Giving Compass' Take:

• Kimberly Lewis, writing for Forbes, discusses the lack of women of color in leadership roles in both the for-profit and nonprofit sectors. She offers suggestions on how to build a diverse pipeline to these executive positions. 

• There are ways to diversify pipelines, but what else needs to happen within the sector (perhaps from philanthropists) to help more people of color obtain positions of power?

• Read about the role of foundations when trying to increase diversity for impact philanthropy.

When I was a young girl, I never dreamed of working at, much less running, a nonprofit organization. I didn't have a framework around nonprofit or for-profit, for that matter. Today, colleges and universities offer students majors in nonprofit management and philanthropy.

But there weren't a lot of visible options for me. I didn't see many women in roles of authority aside from teachers, nurses and a few small restaurant owners in my hometown of Charleston, South Carolina. Still, I sensed that there was something different waiting for me.

Women chief executives represent only 23.8% of all chief executives in the country, according to the U.S. Department of Labor Women’s Bureau. When you look at people of color, the percentage of representation at the chief executive level is no better for men or women, according to a Race to Lead survey, an initiative of the Building Movement Project.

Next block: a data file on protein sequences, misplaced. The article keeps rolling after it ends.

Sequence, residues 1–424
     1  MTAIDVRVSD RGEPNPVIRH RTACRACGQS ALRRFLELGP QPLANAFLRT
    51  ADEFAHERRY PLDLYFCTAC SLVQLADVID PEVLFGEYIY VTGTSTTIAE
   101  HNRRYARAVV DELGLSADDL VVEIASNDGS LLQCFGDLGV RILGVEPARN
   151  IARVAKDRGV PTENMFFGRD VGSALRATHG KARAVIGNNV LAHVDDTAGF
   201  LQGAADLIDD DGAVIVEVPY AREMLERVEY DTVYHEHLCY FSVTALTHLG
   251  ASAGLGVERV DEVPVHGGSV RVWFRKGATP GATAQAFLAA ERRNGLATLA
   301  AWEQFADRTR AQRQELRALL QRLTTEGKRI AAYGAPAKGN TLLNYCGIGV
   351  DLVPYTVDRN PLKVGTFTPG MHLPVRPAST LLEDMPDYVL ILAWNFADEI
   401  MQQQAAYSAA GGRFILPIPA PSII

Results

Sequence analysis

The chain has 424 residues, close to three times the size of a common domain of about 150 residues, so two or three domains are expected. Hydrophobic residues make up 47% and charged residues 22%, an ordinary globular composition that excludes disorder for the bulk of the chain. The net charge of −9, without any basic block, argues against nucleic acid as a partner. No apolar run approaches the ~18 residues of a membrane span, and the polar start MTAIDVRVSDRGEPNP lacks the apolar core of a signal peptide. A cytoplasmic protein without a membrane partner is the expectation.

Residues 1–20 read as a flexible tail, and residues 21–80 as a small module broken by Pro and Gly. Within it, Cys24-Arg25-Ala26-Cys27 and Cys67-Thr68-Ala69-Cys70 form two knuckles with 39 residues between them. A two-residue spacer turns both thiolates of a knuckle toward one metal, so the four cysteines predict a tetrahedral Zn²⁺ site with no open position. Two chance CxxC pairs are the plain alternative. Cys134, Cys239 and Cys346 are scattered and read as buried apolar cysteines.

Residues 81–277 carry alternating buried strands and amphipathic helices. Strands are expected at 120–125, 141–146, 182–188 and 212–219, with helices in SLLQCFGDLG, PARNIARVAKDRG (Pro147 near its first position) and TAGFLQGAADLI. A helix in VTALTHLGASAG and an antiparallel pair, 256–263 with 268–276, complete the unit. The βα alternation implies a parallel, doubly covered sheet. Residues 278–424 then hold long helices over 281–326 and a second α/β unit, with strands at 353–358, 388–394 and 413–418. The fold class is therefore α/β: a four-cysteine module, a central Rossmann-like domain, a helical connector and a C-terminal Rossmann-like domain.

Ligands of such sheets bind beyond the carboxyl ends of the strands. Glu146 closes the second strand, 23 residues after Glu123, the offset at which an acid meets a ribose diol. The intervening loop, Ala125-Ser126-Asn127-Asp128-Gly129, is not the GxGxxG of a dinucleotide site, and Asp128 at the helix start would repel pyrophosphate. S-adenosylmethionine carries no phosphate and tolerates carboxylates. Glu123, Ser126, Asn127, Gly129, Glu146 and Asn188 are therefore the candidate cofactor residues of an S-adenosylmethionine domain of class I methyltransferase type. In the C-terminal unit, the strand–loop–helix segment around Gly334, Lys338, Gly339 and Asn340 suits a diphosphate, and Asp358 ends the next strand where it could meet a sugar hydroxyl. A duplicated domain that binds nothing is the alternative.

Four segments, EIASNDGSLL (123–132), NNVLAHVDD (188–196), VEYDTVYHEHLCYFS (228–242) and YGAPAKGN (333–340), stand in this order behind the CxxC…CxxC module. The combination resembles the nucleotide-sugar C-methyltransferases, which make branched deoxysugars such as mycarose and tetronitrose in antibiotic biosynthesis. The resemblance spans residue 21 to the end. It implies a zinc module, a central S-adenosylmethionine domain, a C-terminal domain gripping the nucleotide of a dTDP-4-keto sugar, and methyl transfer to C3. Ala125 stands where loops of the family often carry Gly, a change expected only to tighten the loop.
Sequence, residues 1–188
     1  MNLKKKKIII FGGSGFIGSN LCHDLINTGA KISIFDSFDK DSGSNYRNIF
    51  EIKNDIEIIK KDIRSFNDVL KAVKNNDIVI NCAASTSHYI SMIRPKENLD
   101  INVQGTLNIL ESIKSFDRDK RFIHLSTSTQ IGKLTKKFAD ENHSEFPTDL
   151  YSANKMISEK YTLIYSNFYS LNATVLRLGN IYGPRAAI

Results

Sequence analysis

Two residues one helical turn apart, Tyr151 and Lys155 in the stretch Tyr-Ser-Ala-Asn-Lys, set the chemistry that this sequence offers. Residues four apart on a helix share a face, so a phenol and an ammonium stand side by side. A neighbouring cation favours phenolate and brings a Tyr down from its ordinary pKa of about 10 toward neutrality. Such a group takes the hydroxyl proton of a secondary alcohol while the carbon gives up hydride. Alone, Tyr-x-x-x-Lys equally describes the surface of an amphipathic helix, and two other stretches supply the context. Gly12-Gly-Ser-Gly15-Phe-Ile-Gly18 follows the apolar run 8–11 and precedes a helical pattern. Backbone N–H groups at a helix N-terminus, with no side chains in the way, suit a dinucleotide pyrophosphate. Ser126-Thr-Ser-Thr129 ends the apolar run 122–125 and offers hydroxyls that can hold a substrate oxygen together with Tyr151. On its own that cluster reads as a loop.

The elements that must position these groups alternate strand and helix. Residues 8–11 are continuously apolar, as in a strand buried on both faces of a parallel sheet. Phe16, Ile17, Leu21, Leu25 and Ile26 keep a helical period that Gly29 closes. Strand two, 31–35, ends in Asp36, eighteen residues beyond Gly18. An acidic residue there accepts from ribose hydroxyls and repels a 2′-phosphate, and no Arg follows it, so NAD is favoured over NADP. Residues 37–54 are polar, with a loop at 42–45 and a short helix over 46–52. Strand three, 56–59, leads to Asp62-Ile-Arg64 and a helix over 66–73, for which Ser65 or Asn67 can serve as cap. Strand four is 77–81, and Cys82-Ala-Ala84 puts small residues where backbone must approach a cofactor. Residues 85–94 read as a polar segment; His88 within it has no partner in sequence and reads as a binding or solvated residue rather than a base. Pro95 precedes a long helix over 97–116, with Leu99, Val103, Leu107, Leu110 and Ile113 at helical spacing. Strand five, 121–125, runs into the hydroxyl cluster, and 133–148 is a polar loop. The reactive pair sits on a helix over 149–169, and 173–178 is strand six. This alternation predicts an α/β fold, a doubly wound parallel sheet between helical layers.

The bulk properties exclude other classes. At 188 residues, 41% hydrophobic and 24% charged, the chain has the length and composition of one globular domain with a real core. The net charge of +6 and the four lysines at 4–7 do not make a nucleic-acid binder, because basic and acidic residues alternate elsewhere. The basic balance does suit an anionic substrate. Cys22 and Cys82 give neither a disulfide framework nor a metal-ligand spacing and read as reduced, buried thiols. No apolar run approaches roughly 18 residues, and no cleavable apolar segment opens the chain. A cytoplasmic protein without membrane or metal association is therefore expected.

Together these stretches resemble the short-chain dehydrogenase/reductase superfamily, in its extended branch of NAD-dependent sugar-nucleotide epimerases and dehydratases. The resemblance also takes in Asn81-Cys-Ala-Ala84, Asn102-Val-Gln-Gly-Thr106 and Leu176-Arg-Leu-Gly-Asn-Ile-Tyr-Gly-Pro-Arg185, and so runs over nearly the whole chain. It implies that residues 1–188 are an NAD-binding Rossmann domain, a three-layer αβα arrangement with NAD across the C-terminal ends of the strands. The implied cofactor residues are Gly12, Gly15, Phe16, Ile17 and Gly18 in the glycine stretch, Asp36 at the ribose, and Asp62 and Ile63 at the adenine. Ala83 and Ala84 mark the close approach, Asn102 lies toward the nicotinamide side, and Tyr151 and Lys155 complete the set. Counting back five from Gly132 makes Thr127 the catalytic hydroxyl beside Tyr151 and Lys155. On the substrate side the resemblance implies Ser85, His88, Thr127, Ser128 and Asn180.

We can safely assume that people of color and women are losing ground in the for-profit arena and are stagnant in the nonprofit circles. The solution to this issue is for both nonprofit and for-profit leaders and boards of directors to be intentional in attracting, building and retaining talent in these underrepresented populations.

We can accomplish this by doing three things:

  • Build bench strength. This can be done by providing mentoring and/or coaching, educational investment and assigning special tasks to help employees grow their skills and knowledge.
  • If your organization lacks diversity, recruit it. Intentionally seek applicants via various affinity groups, such as the local or state Hispanic Alliance, the National Urban League or the American Business Women’s Association.
  • Create a diverse succession plan. This succession plan should intentionally increase the diversity within an organization and allow for planned upward mobility.

Read the full article about diverse pipeline by Kimberly Lewis at Forbes